imum which alone it is possible for a plant 
in such environment to support, the surfaces 
of the leaves are protected either by a 
resinous exudate or by a close covering 
of dry hairs. 

"In Larrea tridentata (the creosote 
bush) is found the apparently simplest 
form of resinous coating. The leaves and 
small twigs are thinly spread with a cov- 
ering that closely resembles in appearance 
ordinary shellac. To the abundance of 

this resinous matter the plant's popular name, creosote bush, is due, 
for in burning the green wood and leaves of Larrea a pungent odor 
is detected, and a dense smoke arises. That the function of the 
coating is to minimize transpiration, there can be no doubt, but 
the precise method by which this is brought about has not been 
ascertained. If it were simply by the complete mechanical var- 
nishing of the leaf-surface, all transpiration would cease. It 




Blue 

larkspur \ 
(Delphi- 
nium) 



228 The Wonders of the Colorado Desert 

should be pointed out here that in winter, when we first became 
familiar with the creosote bush, its leaves were thoroughly var- 
nished; but in June, when the spring growth had nearly ceased, 
the leaves appeared to have very little of the coating. There is in 
this fact an evident correlation between rapid transpiration and 
absence of resinous covering, and a similar correlation between 
slow transpiration, and the presence of such a covering." 

Resinous exudate, when it occurs on desert plants, is usually 
definitely associated with conspicuous glands. Some of these 
glands are on the surface of the epidermis or partly imbedded in 
the tissue. In some species the glands are confined almost 
entirely to the stem and branches, and are found only very spar- 
ingly on the leaves. In other species the glands are confined to 
the leaves. "These two types of the distribution of glands are 
seen at once to be correlated with the functions of stem and leaf. 
Plants which rely principally upon their leaves for transpiration 
have these organs more glandular than their stems, while plants 
in which the leaves drop ofF early, and which, therefore, are 
forced to transpire from their stems, have precisely the opposite 
provision." In some of these species the contents of the glands 
do not exude over the surface of the adjacent tissues, and there- 
fore only a portion of the surface is protected by the exudation. 
This fact suggests strongly the idea that in such cases some other 
function than the mere mechanical sheltering of the transpiration 
surface must be ascribed to these glands. The elucidation of 
the problem is likely to be attained only by direct experiment.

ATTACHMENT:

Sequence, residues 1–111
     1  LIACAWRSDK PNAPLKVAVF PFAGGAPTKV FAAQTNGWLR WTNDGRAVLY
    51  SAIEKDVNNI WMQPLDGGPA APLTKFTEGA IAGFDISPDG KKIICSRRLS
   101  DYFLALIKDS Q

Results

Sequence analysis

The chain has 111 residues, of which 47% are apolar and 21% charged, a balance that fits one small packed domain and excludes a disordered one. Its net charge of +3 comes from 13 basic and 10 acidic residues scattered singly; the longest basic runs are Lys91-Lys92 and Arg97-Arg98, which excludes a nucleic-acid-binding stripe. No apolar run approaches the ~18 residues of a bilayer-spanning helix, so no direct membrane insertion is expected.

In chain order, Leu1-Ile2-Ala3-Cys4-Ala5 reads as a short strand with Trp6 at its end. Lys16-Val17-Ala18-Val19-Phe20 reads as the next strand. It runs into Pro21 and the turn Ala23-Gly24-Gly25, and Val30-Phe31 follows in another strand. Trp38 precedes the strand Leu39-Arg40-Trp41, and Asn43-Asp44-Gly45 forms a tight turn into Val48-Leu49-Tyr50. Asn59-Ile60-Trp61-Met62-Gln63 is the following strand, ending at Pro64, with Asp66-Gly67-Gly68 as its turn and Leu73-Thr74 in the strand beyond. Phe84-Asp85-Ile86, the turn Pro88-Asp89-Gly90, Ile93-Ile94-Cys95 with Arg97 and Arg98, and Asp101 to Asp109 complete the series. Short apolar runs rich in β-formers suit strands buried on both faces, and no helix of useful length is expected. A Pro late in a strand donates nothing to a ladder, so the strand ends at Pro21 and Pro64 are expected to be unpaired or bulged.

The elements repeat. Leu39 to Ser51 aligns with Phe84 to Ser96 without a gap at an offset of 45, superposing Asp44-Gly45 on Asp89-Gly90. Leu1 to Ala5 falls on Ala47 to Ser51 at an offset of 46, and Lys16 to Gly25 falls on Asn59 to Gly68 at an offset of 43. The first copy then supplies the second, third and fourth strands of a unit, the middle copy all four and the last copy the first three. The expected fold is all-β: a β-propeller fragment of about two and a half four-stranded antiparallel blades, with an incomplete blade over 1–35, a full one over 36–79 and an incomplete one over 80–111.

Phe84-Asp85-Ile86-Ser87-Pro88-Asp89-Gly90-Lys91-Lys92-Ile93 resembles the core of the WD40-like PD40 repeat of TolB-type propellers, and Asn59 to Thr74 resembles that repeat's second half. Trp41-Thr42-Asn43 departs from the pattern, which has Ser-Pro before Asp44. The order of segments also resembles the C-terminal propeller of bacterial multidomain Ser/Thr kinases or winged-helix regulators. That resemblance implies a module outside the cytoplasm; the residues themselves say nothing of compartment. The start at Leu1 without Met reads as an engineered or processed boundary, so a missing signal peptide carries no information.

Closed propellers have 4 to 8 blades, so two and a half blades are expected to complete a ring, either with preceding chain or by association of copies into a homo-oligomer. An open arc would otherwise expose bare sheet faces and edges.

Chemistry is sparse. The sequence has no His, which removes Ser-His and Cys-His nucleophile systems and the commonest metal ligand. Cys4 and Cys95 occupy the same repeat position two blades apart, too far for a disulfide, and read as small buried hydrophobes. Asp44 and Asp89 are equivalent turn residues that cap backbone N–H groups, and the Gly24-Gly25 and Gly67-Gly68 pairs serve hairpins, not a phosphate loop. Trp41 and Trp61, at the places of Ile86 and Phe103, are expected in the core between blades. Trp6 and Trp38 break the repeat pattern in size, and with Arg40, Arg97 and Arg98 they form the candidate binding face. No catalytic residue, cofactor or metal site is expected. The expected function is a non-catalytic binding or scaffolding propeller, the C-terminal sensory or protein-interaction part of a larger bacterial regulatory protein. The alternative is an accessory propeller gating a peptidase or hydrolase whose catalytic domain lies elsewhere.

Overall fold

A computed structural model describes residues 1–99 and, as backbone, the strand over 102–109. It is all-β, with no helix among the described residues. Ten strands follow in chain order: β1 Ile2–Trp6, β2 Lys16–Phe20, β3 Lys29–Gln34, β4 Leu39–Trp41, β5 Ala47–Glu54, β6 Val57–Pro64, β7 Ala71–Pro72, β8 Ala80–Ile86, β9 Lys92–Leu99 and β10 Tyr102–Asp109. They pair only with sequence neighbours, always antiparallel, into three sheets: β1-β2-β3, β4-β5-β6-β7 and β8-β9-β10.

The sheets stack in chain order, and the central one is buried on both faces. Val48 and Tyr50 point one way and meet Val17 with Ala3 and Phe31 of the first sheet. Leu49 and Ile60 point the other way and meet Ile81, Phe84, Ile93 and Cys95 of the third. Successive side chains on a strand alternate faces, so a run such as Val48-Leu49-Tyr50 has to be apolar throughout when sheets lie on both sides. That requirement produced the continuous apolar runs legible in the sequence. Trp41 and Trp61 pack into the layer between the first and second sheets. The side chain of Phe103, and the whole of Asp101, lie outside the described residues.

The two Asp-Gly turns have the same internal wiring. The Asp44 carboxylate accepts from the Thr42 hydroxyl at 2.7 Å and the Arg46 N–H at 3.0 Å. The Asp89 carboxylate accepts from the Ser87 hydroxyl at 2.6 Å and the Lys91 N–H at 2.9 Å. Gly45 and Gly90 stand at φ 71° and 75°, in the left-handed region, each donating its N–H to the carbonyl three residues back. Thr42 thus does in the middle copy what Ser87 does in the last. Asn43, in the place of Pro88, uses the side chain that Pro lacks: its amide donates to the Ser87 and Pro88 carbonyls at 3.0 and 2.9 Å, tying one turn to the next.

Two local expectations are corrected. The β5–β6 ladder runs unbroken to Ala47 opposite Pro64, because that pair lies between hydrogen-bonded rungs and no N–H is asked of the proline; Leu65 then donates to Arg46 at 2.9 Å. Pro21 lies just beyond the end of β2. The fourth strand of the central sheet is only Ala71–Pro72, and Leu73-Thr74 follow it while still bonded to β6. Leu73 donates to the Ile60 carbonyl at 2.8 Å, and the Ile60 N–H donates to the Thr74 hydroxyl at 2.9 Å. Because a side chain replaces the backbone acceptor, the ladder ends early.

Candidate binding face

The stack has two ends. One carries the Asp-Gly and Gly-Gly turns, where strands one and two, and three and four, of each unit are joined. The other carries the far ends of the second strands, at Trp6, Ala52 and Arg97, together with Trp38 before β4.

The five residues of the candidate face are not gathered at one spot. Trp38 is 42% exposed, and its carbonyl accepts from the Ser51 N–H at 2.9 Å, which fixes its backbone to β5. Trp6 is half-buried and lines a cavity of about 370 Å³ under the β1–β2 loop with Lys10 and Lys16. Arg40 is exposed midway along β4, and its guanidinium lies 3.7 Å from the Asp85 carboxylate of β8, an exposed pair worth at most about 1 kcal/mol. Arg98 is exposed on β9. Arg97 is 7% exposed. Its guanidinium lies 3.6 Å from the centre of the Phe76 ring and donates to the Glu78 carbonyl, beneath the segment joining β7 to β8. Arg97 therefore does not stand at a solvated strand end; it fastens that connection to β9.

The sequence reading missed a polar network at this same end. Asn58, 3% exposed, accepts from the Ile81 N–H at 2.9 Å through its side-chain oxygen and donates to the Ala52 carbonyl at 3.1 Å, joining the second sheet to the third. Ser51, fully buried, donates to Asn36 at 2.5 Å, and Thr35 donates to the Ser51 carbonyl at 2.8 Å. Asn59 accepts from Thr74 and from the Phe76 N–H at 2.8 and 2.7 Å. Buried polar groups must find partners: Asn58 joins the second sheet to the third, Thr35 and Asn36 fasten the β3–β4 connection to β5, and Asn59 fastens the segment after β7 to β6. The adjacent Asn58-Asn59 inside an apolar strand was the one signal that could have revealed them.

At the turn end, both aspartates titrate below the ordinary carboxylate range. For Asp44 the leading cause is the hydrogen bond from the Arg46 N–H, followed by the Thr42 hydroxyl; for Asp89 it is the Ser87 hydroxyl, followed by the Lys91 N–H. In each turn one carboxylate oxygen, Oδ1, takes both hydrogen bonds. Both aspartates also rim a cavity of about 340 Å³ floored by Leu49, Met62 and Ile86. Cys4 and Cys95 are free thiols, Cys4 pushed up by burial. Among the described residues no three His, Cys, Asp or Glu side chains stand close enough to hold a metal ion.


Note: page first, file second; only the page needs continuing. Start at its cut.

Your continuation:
Fourteen of the forty-one shrubs examined by Mr. Coville 
have a conspicuously developed hairy coating of the leaves or 
stems. These hairs are varied and individualistic, and the why 
of this is not yet fully understood. "The general important fact, 
however, is that from almost any form of trichome there may be 
developed, under a desert environment, a close hairy covering, 
so constructed as to greatly reduce the amount of heat transmitted 
from the air to the plant. In general the individual hairs of such 
a covering have no moist cell-contents, but are minute sacks or 
tubes of cellulose filled with air and closely felted together. The 
air contained in the cavities of the hairs and in the spaces between 
them constitutes an excellent non-conductor of heat. It is un- 



Plant Life on the Desert 



229 



doubtedly true also that the circulation of air through the inter- 
stices between the hairs is comparatively sluggish, and the ex- 
tremely dry atmosphere is therefore admitted very slowly to the 
stomata and through them to the moist interior of the leaf." 

"A few genera of desert plants, Ephedra, Cereus, and Echino- 
cactus, carry on transpiration through their stems only, and are 
protected by neither glands, resinous exudate, nor hairy covering. 
In Ephedra transpiration is reduced un- 
doubtedly by a thickened and extremely 
impervious cuticle, aided by the mechanism 
of the stomata. In the other three genera, 
all belonging to the order cactaceae, there 
is likewise a marked thickening 
of the cuticle, together with a 
special modification of the in- 
terior tissues of the stem to re- 
tain water. If a leaf or stem 
of any plant not containing 
these water reservoirs be split, 
the organ is speedily desic- 
cated, since the soft tissues exposed 
by cutting are not adapted to resist 
the drying effect of the air. But if an 
Echinocactus stem be cut open, the 
outer layers of cells on the raw surface 
become dry and form an artificial coat- 
ing. With this slight protection the 
interior tissues are capable of retaining 
their moisture, even in the plant press, 
for several weeks." 

The vast importance and interest of this phase of the subject 
is my only excuse for making such lengthy extracts from Mr. 
Coville's interesting and lucid paper. He suggests many other 
phases of the subject that are yet in the process of elucidation, 
and to these suggestions those who are interested to go further